A stroke or a cerebral vascular accident (CVA)occurs when the blood supply to part of the brain is interrupted or severely reduced, depriving brain tissue of oxygen and nutrients. Within minutes, brain cells begin to die.
- Difficulty talking to or understanding others
- Weakness or numbness in the face, the arm or the leg, or in one side of the body
- Visual disturbance or temporary blindness in one or both eyes. Sudden trouble swallowing
- Impaired balance or coordination
- Drowsiness or dizziness
- Forgetfulness or memory loss
American Stroke Association (ASA)
Free subscription magazine “Stroke Connection”
Division of American Heart Association
7272 Greenville Avenue
Dallas, TX 75231
Toll Free: 888 478-7653
Children’s Hemiplegia and Stroke Association (CHASA)
Support and Information for families of children who have hemiplegia, hemiparesis, and/or pediatric stroke.
4101 West Green Oaks Suite 305, PMB 149
Arlington, TX 76016
Massachusetts Health Promotion Clearinghouse
Provides free health promotion materials for Massachusetts residents and health and social service providers on various
health topics including Heart Disease & Stroke
Phone: 617-830-5590 (Toll-Free tri-lingual phone line – accessible in English, Spanish or Portuguese)
National Institute of Neurological Disorders and Stroke (NINDS)
Patient and caregiver information, brain basics, and fact sheets.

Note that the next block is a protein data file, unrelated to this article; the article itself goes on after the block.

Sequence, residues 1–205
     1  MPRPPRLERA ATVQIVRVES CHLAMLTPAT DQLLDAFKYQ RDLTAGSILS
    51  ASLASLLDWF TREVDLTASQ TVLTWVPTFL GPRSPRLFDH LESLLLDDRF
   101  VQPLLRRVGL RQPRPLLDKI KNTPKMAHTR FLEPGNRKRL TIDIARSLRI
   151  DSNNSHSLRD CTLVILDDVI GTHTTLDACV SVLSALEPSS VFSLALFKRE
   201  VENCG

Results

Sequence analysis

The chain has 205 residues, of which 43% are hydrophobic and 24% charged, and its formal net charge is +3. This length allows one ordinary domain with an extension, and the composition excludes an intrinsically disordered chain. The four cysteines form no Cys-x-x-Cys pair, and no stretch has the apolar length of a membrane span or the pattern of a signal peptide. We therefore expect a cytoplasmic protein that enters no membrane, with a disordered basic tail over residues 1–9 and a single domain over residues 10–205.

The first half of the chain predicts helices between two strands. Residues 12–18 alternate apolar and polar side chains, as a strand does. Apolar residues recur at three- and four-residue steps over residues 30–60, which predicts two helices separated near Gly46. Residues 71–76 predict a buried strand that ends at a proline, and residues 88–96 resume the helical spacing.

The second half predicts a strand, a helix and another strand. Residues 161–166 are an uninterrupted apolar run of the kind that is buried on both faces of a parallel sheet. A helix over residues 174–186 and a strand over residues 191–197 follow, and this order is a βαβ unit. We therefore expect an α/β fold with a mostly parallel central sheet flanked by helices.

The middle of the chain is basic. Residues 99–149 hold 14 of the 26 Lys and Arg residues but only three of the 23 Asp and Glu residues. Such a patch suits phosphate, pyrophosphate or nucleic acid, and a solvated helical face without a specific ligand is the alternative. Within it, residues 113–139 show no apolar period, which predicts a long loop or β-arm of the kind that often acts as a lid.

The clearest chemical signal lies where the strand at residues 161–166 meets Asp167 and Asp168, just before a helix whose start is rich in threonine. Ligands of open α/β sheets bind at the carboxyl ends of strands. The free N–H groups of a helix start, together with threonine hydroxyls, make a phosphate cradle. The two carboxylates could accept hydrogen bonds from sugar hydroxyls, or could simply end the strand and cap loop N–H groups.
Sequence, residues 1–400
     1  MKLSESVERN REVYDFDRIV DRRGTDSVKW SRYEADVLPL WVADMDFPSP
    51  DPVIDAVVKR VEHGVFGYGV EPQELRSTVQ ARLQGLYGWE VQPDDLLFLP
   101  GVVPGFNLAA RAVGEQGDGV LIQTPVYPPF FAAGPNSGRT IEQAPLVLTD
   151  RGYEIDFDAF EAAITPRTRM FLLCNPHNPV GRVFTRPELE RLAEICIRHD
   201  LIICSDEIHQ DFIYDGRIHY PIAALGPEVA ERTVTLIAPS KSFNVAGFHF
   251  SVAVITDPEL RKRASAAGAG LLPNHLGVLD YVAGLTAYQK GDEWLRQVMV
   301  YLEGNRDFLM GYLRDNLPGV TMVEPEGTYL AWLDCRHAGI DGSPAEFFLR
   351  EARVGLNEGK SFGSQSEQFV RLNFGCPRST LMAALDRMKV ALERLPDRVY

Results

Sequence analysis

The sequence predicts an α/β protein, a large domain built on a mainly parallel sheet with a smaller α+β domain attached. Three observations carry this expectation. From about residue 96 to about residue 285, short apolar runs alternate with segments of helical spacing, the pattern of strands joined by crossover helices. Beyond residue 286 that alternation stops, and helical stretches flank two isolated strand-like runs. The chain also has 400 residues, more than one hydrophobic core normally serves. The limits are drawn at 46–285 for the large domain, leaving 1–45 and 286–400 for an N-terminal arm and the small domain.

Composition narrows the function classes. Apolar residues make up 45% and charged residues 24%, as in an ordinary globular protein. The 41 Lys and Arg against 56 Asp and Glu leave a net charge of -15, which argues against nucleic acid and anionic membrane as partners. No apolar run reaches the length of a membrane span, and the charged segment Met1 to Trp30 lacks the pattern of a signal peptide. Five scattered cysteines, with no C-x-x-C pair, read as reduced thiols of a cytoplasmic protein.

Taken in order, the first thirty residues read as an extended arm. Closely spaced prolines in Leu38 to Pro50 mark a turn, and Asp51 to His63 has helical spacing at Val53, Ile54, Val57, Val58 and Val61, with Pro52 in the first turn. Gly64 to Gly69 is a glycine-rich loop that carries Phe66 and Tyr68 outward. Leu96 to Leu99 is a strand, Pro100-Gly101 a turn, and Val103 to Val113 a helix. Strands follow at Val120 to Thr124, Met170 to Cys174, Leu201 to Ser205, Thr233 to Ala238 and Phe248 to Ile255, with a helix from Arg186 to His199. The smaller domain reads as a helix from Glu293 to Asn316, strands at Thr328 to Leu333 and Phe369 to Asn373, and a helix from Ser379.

PO Box 5801
Bethesda, MD 20824
Toll Free: 800 352-9424
Massachusetts Stroke Support Groups
Listing of stroke, aneurism, and TBI groups
Boston Medical Center
Spaulding Rehabilitation has stroke support groups in Boston and Sandwich.
The way a person acts, looks and feels immediately following a stroke is no indication of how the person will act, look or feel later. Loss of speech does not mean loss of mind. It means that the part of the brain controlling speech has been damaged by stroke. Inability to speak following stroke does not mean a person is unable to understand. Eyeglasses cannot usually correct visual problems that come with stroke. A person who has had a stroke may tire easily, show anger suddenly, or feel depressed at times. The person may cry or laugh unexpectedly, and may be unable to remember well or to pay attention very long.
FAST is an easy way to remember and identify the most common symptoms of a stroke. Recognition of stroke and calling 9-1-1 will determine how quickly someone will receive help and treatment. Getting to a hospital rapidly will more likely lead to a better recovery.
Types of Stroke
Information from the Centers for Disease Control. The type of stroke you have affects your treatment and recovery.
The three main types of stroke are:
Fact Sheet last updated on: 3/17/2023
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